Here is a good example. Dt25-04 states don't muzzle an ox while threshing. The Rabbi Ishmael generalization rule requires that we do not see this example as exhaustive of the law but rather as requiring generalization. Hence Jewish law interprets this to mean Don't muzzle any animal while it is doing its typical work. Actually the law prohibits not only muzzling but any type of inteference with the animal eating.
In this particular case we used the generalization style. Sometimes however we use the restrictive style and interpret the example as exhaustive of the law-- the example is all the law says.
Most of the Rabbi Ishmael style rules are known: They include: Generalization, Theme-Detail, Detail-Theme, and Theme-Detail-Theme. Today however we encounter a rare form, not listed any place: The Detail-Theme-Theme style. Let us see how Rashi interprets it.
The calculation of 40 years minus one month may be a little complicated for some people. We will lay it out more clearly below in rule 9.
Here in rule #6 we focus on the fact that Rashi could have simply said 40 years can easily refer to 40 years less one month since the Torah did not always use exact numbers. Indeed all the census figures in Nu01 are rounded to the nearest 100 or 50. So we see that the Torah did not always have to be exact. Why didn't Rashi take the easy way out and simply say that 40 years is a rounding off to the nearest year?
The apparent pickiness of this Rashi has led some scholars to use a sermonic appraoch: You needn't believe that the cakes tasted like Manna. Rather Rashi exaggerated the miracle and added an extra month. Such exaggerations while not supported by the Biblical text offers hope and encouragement to readers.
The position of this email newsletter is that Rashi never made a commment for sermonic purposes unless it could be backed up as the simple meaning of the text. In this case we suggest that Rashi was compelled to interpret the 40 years literally - exactly 40 years - because of the rare style form - Detail-General-General. Apparently such a form requires interpreting all clauses exactly. This is consistent with the exegetical rule (also mentioned in my article above) that repetition - such as the repeated statement of until they came to an inhabited land ...until they came to the borders of Canaan - such repetitions typically indicate an emphasis connoting exactness.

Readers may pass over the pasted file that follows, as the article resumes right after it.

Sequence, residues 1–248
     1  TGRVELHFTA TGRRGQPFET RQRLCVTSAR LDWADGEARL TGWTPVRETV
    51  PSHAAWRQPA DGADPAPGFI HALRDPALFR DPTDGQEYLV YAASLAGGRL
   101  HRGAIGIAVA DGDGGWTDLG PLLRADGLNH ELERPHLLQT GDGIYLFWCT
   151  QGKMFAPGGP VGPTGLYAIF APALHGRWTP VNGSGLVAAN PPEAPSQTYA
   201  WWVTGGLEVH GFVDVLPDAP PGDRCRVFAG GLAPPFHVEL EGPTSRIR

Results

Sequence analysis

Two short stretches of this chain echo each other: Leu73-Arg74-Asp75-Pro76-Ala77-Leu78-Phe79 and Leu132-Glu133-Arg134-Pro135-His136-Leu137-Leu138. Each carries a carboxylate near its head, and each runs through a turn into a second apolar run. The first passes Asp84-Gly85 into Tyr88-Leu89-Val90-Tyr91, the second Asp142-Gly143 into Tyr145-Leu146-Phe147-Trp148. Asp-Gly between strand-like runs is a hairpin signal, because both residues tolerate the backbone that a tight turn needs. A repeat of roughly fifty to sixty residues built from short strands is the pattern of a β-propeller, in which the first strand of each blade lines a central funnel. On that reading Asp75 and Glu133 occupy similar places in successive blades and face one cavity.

Finally we note that we have only suggested an explanation. Normally we defend Rashis with a list. In this case we have no list. However the connections with the Rabbi Ishmael Style rules and the repetition format is solid.
We think the above explanation exemplary of how students eager to understand Rashi's rules should do research.
See rule #9 below for further details.
We have explained in our article Biblical Formatting located on the world wide web at http://www.Rashiyomi.com/biblicalformatting.pdf, that the Biblical Author indicates bold, italics, underline by using repetition. In other words if a modern author wanted to emphasize a word they would either underline, bold or italicize it. However when the Biblical author wishes to emphasize a word He repeats it. The effect - whether thru repetition or using underline - is the same. It is only the means of conveying this emphasis that is different.